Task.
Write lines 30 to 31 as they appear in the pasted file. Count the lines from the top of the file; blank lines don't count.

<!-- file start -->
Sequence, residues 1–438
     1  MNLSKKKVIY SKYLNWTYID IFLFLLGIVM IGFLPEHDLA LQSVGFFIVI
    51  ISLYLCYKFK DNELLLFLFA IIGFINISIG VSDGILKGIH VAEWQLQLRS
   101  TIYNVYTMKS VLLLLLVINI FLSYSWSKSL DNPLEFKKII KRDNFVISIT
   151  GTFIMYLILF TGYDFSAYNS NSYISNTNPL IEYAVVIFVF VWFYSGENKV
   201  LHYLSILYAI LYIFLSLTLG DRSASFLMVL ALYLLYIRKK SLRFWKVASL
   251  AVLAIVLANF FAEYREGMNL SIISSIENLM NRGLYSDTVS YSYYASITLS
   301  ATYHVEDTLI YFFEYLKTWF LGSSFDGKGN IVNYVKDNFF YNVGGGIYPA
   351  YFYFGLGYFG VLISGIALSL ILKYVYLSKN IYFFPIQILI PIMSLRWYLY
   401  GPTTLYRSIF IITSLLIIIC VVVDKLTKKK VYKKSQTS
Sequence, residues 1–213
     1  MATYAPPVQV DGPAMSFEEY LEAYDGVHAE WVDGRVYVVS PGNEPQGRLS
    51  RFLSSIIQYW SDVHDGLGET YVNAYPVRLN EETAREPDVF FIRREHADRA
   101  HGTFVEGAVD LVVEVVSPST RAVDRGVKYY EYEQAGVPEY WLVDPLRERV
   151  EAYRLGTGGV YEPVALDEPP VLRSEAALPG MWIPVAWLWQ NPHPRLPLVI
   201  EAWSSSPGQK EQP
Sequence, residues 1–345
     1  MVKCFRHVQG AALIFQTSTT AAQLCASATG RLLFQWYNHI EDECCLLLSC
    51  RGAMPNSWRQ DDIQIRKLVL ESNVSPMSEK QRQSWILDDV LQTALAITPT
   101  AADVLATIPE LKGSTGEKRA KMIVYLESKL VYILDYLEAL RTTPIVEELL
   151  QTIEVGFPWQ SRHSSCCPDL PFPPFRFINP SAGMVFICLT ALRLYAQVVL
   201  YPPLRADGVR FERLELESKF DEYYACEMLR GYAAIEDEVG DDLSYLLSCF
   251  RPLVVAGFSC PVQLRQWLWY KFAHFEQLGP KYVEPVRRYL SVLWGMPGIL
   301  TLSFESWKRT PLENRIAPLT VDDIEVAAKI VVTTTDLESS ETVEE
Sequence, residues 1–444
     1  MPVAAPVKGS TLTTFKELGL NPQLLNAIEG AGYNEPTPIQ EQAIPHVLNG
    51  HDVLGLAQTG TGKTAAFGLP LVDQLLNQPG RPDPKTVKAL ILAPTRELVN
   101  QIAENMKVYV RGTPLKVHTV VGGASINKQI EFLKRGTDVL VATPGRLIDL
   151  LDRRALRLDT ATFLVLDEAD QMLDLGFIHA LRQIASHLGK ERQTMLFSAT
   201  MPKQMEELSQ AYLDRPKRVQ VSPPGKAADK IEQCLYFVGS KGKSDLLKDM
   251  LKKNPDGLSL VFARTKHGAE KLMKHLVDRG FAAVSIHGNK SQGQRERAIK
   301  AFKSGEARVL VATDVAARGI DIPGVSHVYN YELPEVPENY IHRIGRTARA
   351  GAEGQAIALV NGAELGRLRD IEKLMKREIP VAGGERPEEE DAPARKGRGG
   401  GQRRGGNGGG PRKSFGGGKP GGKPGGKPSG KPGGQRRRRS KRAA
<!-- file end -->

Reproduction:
   201  MPKQMEELSQ AYLDRPKRVQ VSPPGKAADK IEQCLYFVGS KGKSDLLKDM
   251  LKKNPDGLSL VFARTKHGAE KLMKHLVDRG FAAVSIHGNK SQGQRERAIK